dépendance is pleased to present Thomas Bayrle’s third exhibition at the gallery. Bayrle integrates dépendance’s renewed venue of two exhibition spaces mirrored architecturally into the constellation of two periods in the artist’s practice: The left gallery with works from 1990s and the right gallery with new paintings (all 2015).
While in the 1990s football works on paper the depicted subject is composed of numerous tiny mirror images of itself, the three new canvases merge two periods and two foundations of culture, feature iPhones portraying Caravaggio’s painting Inspiration of Saint Matthew (the 1620 painting was commissioned by the French Cardinal Matteo Contarelli, the canvas hangs in Contarelli chapel altar in the church of the French congregation San Luigi dei Francesi in Rome, Italy). Both bodies of works are based on rhythm, repetition, and the aesthetic principle of the serial which have always been an essential element of Bayrle’s work. In the tradition of artists like Andy Warhol, Roy Lichtenstein and Sigmar Polke, the artist draws his motives and themes from the world of goods and the consumer society, presenting engagement with advertising and comparisons between mass iconography and systems in both East and West.
An influential and pioneering figure, German artist Thomas Bayrle (b. 1937 lives and works in Frankfurt) has been an important reference for several generations of artists, both through his
teaching (he taught at the well-known Städelschule from 1975 to 2002), and through his participation in international exhibitions (Documenta 3, 6 and 13, the 50th Venice Biennial, etc.).
Over the years, Bayrle has built up an extremely coherent body of work, one that tends towards the obsessive while combining allegiances to Pop, conceptual and Op art in unique ways.
In the 1960s, Bayrle started to produce works based on the serial repetition of the same pattern, a move inspired by structuralism, which was proving extremely influential for minimal, Pop and conceptual art. These results set the foundations for his singular visual language, perceptible no matter the media: collage, painting, sculpture, film or printed matter. At once critical and engaged, his practice emerged from or has been directly related to the protest movements of the times. Like his neighbours at the Frankfurt School, he was – and remains to this day – interested in mass culture and in propaganda methods. At the height of the Cold War, Bayrle’s work incorporated the very symbols that both capitalist and communist societies had been forging on either side of the Iron Curtain.
At the same decade, Bayrle was moved to create his first ‘super-images’: huge patterns composed from a multitude of tiny, identical patterns. Germany had rebuilt its economy during the so-called Wirtschaftswunder (economic miracle), and the new products that began to appear there in the post-War period invaded Bayrle’s universe: cans of condensed milk, bottles of concentrated Maggi stock, industrially produced fruits and vegetables, and so on.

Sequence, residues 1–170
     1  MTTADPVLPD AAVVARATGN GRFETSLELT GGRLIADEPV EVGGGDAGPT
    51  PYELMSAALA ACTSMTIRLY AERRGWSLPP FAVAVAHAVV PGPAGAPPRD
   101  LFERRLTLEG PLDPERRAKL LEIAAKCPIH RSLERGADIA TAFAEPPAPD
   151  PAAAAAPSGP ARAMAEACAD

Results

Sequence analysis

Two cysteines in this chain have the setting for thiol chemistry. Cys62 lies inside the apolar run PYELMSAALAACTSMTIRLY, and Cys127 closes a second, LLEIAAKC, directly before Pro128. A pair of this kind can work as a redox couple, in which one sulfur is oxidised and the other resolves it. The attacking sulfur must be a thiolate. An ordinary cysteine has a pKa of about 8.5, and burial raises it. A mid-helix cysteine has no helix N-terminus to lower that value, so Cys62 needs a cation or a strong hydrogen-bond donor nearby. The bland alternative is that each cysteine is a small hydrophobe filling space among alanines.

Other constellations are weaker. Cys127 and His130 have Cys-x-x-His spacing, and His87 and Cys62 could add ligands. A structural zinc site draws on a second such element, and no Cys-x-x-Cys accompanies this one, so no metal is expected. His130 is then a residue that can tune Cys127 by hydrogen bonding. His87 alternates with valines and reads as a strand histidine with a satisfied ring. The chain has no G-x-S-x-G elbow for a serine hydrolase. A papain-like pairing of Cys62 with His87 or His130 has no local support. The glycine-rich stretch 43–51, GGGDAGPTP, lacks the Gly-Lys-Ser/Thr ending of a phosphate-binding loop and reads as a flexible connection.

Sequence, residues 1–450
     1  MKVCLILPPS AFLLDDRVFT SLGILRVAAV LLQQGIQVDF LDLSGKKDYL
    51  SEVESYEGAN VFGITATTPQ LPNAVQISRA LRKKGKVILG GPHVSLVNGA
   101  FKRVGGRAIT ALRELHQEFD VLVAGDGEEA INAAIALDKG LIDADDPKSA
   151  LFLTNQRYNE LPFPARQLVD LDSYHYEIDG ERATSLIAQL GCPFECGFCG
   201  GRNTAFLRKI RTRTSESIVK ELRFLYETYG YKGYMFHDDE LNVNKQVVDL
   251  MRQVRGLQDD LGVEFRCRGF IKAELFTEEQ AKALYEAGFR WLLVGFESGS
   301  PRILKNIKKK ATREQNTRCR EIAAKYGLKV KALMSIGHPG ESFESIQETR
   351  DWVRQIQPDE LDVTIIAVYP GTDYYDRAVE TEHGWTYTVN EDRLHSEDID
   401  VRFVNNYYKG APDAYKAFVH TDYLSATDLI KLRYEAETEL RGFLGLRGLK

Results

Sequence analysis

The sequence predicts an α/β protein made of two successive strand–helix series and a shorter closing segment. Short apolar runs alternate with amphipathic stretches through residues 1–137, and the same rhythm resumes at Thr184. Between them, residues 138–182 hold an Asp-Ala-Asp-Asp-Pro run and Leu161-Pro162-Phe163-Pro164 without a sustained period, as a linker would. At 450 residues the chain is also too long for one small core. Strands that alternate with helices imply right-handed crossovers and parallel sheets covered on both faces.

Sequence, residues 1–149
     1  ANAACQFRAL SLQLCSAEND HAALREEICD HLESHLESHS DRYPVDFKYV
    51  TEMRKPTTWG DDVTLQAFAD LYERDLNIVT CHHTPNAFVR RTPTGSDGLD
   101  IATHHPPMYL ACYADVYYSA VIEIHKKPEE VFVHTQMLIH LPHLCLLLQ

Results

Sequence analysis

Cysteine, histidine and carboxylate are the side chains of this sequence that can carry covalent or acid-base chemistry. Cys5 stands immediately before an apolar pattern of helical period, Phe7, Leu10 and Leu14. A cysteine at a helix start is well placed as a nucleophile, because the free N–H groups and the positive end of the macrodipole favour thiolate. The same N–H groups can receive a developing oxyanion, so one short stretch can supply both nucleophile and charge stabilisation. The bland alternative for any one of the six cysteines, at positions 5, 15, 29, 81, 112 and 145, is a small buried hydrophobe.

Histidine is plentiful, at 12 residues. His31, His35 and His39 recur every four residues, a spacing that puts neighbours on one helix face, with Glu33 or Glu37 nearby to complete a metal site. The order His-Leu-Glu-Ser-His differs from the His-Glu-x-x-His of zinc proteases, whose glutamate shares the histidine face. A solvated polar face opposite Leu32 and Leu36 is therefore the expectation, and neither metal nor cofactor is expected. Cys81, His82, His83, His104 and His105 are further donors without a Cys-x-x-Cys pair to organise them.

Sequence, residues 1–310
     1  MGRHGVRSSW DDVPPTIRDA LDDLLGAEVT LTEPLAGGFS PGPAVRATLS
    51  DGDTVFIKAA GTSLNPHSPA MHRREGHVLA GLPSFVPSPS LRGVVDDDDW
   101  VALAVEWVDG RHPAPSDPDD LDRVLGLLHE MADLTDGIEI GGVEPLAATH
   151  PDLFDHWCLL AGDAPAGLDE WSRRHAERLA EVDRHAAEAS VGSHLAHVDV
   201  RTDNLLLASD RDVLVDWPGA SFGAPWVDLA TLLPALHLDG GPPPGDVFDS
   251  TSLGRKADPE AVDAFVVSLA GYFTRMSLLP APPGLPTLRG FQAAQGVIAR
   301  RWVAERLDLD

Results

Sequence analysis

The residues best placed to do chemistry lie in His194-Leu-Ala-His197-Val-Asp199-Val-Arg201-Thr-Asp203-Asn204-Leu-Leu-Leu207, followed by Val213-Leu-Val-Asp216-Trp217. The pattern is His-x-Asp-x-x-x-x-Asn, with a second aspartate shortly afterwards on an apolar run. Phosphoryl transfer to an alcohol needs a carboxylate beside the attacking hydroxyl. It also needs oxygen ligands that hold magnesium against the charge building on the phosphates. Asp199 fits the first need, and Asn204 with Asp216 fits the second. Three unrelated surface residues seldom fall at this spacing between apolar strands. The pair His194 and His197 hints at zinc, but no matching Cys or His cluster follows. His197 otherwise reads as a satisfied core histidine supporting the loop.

This practice allowed Bayrle to critically merge the iconographies of communism, capitalism and fascism: for him, mass production in the West and the propaganda in the East were, paradoxically, visually similar. Drawing, collage, serigraphy, painted paper, the accumulation of objects – Bayrle avails himself of a variety of techniques to create works with a Pop look, but which are critical of consumer society and political indoctrination.
Thomas Bayrle’s retrospective exhibition, Thomas Bayrle: All-in-one opened in WIELS, Brussels in 2014 and toured to the Baltic Center for Contemporary Art, Gateshead, UK and Institut d’art contemporain, Villeurbanne/Rhône-Alpes, France. This month, Bayrle’s work will be presented at Tate Modern, London in the exhibition The World Goes Pop.
Bayrle’s work is in the collections of the Museum für Moderne Kunst, Frankfurt am Main, Germany; Städelmuseum, Frankfurt am Main, Germany; Museum Ludwig, Köln, Germany; Kunstmuseum, Stuttgart, Germany; Museum of Contemporary Art, Los Angeles; Fonds Regional d’Art Contemporain du Limousin, Limoges, France; Seattle Art Museum, Washington; Art Institute of Chicago, Illinois; MoMA, New York.
For Thomas Bayrle’s exhibition Economy-Projects purchased the Swiss domain www.wiels.ch. The website hosts an altered clone (copy) of www.wiels.org. Economy-Projects registered this website in Switzerland where the Bern Convention for the Protection of Literary and Artistic Works was signed. Wiels have been made aware of the concept however we operate with complete autonomy.
For his exhibition ‘wiels.ch’, all the layers and images of the original wiels.org website have been replaced – only the architecture of the website remains – Bayrle is exhibiting three videos. Each time a user clicks a web link on wiels.ch a video is randomly selected and a specially written ‘Java internet script’ puts that film in place of all the original web content being displayed.
The exhibition catalogue is a frame by frame representation of ‘Gun’ one of Thomas’s superstars videos in newsprint tabloid format.